I’ve been peppering the socials with some of the coolest libraries I know about in the actual world, in honour of BOOK OF HOURS and National Library Lovers’ Month. Have a selection of my favourites so far, and stay tuned for more bibliodreams every day for the rest of February…
Speaking of libraries, I’ve also been working on some concept art for the places you’ll interact with in BOOK OF HOURS that aren’t Hush House. We haven’t entirely decided yet whether you’ll send a librarian out to visit or whether they’ll function more as a quest- and story-generators. But here’s a taste of what we do know.
- The Invisible Serapeum in the region of the Sands has survived the long decline of its parent library under the protection of the Forge of Days. The Forge does not usually favour libraries…
- The Nameless Library is maintained in a labyrinth-fortress in the lands once ruled by the Shadowless Kings. It specialises in daimonography, and in the First History the greatest strategists and warriors travelled there to study.
- The Tomb of Lies is the library of the Great Hooded Princes. It contains knowledge on things enigmatic, on the world before, and on the Fifth History. The Princes do not say ‘Knowledge is Power’, but rather, ‘Power is Knowledge.’
- Crossrow, in a garden city of the far West, is an establishment of uncertain age. It’s a gloriously decaying garden-mansion that specialises in nyctodromy, patronised by Sunset Celia.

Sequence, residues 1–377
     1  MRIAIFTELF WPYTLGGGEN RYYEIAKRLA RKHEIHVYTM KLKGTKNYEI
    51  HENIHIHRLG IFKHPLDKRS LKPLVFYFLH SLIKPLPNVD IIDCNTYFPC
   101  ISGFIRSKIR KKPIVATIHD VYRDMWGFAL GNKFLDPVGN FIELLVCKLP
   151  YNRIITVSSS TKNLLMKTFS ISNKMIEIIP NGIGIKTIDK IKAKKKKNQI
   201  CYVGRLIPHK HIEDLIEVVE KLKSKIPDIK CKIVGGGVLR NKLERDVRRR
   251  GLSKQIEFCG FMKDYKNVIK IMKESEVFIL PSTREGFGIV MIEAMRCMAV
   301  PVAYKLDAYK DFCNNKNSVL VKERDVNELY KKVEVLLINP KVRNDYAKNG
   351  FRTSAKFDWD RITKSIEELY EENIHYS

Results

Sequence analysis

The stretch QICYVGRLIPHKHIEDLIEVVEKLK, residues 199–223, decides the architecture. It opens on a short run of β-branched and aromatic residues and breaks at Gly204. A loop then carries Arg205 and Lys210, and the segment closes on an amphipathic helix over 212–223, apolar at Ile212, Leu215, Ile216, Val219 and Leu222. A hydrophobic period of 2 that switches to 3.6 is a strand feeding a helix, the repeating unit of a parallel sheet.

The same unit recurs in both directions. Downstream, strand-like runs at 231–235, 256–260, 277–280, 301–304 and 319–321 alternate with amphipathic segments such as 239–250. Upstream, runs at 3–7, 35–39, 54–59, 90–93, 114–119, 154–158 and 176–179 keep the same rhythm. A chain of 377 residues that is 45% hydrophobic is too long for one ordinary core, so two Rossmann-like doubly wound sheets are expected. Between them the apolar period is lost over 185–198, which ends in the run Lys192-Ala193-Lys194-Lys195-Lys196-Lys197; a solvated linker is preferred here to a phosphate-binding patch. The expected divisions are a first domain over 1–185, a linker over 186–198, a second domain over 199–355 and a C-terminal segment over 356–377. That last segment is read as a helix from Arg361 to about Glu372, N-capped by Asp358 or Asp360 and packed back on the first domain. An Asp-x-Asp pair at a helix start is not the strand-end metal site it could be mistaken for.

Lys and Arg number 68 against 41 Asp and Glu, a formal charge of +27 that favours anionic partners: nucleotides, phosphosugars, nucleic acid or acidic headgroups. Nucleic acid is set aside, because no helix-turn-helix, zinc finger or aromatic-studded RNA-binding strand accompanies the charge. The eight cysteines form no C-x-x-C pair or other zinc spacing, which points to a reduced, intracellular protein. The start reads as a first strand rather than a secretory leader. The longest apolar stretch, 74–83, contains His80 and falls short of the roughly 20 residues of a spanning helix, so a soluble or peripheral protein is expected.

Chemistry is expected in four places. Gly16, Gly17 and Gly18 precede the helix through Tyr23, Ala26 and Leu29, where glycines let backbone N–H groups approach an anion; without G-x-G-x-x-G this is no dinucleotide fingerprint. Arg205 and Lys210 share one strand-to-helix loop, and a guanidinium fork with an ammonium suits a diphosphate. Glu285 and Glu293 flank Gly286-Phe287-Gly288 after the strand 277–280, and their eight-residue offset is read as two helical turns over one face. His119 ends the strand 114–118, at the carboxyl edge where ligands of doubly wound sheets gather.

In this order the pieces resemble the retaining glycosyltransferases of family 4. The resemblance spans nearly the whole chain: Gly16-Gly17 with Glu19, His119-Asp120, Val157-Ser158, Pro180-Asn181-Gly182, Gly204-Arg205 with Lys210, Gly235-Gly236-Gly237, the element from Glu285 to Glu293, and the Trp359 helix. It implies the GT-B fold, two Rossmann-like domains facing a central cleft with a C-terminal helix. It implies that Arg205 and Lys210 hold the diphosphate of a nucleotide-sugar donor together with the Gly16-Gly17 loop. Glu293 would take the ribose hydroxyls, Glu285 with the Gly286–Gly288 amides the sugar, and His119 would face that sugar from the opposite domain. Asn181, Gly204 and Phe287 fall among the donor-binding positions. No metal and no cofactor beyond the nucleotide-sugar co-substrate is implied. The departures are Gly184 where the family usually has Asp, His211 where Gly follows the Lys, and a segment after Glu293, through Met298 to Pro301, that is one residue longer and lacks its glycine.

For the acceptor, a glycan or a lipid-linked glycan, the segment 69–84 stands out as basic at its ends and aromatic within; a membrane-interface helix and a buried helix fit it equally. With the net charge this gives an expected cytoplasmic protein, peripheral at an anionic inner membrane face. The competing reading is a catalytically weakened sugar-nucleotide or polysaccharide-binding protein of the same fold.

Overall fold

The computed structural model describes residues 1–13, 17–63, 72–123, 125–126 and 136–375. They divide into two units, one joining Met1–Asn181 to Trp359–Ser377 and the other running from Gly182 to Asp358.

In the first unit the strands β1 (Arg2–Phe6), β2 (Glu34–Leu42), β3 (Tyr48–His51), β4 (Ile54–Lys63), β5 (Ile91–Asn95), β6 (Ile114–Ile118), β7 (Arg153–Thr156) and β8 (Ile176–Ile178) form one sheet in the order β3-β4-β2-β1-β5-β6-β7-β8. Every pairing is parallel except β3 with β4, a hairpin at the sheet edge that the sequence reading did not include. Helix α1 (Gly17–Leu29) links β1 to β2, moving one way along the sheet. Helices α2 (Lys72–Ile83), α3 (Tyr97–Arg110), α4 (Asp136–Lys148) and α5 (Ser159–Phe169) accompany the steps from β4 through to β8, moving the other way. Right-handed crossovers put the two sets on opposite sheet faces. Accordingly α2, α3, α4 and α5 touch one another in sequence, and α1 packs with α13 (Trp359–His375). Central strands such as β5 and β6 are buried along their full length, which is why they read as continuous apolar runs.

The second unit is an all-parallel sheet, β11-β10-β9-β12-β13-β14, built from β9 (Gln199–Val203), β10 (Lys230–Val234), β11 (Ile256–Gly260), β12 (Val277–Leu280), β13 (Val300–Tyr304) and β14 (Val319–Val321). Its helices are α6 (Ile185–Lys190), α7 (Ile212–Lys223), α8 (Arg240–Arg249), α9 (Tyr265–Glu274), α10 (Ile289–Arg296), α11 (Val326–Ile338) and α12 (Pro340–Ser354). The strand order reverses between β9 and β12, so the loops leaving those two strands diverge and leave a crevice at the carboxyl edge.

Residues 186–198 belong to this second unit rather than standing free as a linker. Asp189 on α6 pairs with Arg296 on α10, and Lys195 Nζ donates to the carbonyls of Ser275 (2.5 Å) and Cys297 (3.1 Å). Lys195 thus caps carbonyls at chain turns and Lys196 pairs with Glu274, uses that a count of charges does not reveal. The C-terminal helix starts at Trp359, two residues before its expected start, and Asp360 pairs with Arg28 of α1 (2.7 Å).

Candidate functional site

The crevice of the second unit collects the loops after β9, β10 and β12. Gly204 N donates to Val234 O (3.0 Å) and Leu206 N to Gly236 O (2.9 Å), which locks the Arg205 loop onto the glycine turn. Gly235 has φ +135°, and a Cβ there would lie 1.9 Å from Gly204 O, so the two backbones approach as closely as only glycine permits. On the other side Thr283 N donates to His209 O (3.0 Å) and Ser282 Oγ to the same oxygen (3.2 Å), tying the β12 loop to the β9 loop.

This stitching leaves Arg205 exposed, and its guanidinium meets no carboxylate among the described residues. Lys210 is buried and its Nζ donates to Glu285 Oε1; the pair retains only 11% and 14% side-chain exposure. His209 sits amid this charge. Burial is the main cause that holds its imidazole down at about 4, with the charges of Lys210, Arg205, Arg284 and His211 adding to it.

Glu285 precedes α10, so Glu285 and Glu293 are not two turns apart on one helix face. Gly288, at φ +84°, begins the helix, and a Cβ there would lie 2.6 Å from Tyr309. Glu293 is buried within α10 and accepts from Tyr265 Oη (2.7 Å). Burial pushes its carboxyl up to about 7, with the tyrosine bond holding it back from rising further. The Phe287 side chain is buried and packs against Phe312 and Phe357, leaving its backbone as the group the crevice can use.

- The Grove of the Green Immortals is a mountain-monastery of renegade Taoists. They specialise in horticulture and medicine, under the hand of the Applebright. It is supposed to be safe.
- The Haustorium, an enclave beyond the Evening Isles established by an alliance of Catholic friars with Incan magicians. It preserves those things it is thought unwise to preserve, and is in no way safe.
Our third sprint of the year – alphabetically, natch – is the CURIA, the governing body of Hush House. It has seven members, only one of whom we’ve revealed so far. So I wanted to repost Serena Blackwood’s caustic letter to an unfortunate member of the Suppression Bureau, for old time’s sake…
Have a wonderful weekend, Believers! If any of you are celebrating Valentine’s, may the Velvet drop secrets of love upon thy tabletop. For anyone who wishes they were celebrating Valentine’s but aren’t, there’s this great, addictive game where you can forget your broken heart and bring the apocalypse… ♥♥♥
3 comments on February #1: CURIA
We’re still waiting for the (unfortunately, untimely) promised “not just about Knowledge and Skills but also about Thoughts and Beliefs, and how in BOOK OF HOURS you can make and shape them”! If there’s anything left after more than a year of digestion and regestation, that is, but we’re exited to know more anyway.
Thanks for the tantalizing update! (I rate it Grail Intensity 6).
Surprisingly I just read a short story with an interesting take on the supernatural implications of book shelving systems (Megan Lindholm’s “Community Service”); immediately made me think of this project so thought you might be interested.
It’s a minor aside of a few paragraphs; but the premise is that books can act as mystic capacitors/insulators/resistors based on their subject matter and/or binding and slipcovers (so presumably having two spicy tomes of opposite “polarity” shelved close together could set up a current of energy between them, and shelving some turgid nonfiction almanacs between them could act as an insulator separating & storing the charge as in a capacitor or battery).